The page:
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Drop The Skepticism: Cleveland's High School Graduation Rate Is Up


Drop The Skepticism: Cleveland's High School Graduation Rate Is Up

Jay P. Greene March 29, 2005
EducationPre K-12
Urban PolicyOther

Cleveland’s high school graduation rate appears to have improved considerably over the last several years. According to the school district, Cleveland had a graduation rate of 34 percent for the class of 2000, which spiked to 50 percent for the class of 2004.

An abysmally high percentage of Cleveland’s students still fail to graduate high school, but the progress the district has made in such a short time is truly remarkable.

When a Plain Dealer reporter asked me about the increase earlier this month, I said the numbers should be treated “with some healthy skepticism.” I hadn’t heard of a district making such rapid improvement in graduation rates. Turning around educational results like a low graduation rate is usually like turning around a super-tanker. Change is normally gradual and halting if it happens at all.

But I’ve updated my estimate for Cleveland’s graduation rate, and found, I’m embarrassed to admit, that my skepticism was unwarranted. There does appear to be a large gain in graduation rates in recent years. According to my method of independently estimating graduation rates, Cleveland went from a 28 percent graduation rate for the class of 1998 to a 29 percent rate in 2000 and then jumped to 45 percent in 2002, the most recent year for which I can compute results. The improvement appears to be real.

How did Cleveland schools make such progress? There are a few likely explanations.

First, Cleveland began at such a low point that rapid improvement might have been somewhat easier. In 1998, Cleveland had the lowest graduation rate by far among large school districts nationwide. Making any effort on graduation rates may have made a big difference.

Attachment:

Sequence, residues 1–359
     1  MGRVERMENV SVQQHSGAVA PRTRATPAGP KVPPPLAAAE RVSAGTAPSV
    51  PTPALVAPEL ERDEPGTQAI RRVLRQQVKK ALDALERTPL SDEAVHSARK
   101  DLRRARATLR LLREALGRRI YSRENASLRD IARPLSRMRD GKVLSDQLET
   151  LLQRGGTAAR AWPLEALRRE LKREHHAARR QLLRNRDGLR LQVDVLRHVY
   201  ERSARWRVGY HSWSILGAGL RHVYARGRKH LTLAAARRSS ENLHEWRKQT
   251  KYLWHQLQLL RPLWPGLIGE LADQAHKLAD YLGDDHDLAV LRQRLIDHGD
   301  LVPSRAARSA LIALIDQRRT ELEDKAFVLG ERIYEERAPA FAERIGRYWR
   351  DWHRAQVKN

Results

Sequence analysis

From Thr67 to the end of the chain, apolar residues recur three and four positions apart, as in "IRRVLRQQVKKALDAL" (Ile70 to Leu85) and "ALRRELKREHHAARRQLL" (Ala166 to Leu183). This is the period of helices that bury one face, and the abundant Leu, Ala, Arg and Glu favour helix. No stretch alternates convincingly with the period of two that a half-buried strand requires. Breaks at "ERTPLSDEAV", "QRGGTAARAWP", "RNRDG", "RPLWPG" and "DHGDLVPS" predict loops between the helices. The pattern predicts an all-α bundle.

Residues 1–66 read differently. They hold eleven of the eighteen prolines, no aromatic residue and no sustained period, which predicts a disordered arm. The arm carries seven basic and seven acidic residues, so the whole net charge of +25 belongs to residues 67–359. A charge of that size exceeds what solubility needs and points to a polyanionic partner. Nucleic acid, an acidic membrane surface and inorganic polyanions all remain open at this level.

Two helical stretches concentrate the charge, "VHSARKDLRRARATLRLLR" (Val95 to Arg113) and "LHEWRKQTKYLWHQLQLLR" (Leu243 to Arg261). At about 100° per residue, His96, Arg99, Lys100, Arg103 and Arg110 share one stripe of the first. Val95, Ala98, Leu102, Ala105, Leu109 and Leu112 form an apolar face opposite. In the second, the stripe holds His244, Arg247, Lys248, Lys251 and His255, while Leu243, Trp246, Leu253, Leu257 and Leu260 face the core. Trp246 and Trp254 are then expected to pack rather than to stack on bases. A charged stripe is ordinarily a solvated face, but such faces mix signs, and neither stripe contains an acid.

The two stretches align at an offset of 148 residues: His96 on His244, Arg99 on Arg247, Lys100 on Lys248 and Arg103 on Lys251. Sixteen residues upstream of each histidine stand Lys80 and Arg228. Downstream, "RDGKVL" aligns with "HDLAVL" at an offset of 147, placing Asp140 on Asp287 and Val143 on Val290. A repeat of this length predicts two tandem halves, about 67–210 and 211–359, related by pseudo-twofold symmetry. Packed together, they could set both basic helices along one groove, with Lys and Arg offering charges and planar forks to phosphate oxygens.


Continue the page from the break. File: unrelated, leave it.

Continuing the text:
Second, Cleveland is home to a significant voucher program that may have placed pressure on the district to improve its quality. Any gain in educational quality, even in earlier grades, should translate into higher graduation rates over time. When students are given higher skills they have the ability to benefit more by staying in high school, while a high school student entirely lacking in skills gets little out of sticking around in a school that does not help him.

Third, the state takeover of Cleveland’s schools may have been exactly the shock the district needed to turn itself around. Breaking up old, dysfunctional routines may be a pre-requisite for other serious reform.

Whatever Cleveland schools are doing right, let’s hope they keep on doing it. Even with a 50 percent graduation rate the city ranks near the bottom among large districts nationwide and is certainly well below our hopes for what schools and their students should accomplish. But the district appears to be making progress and should be commended for it.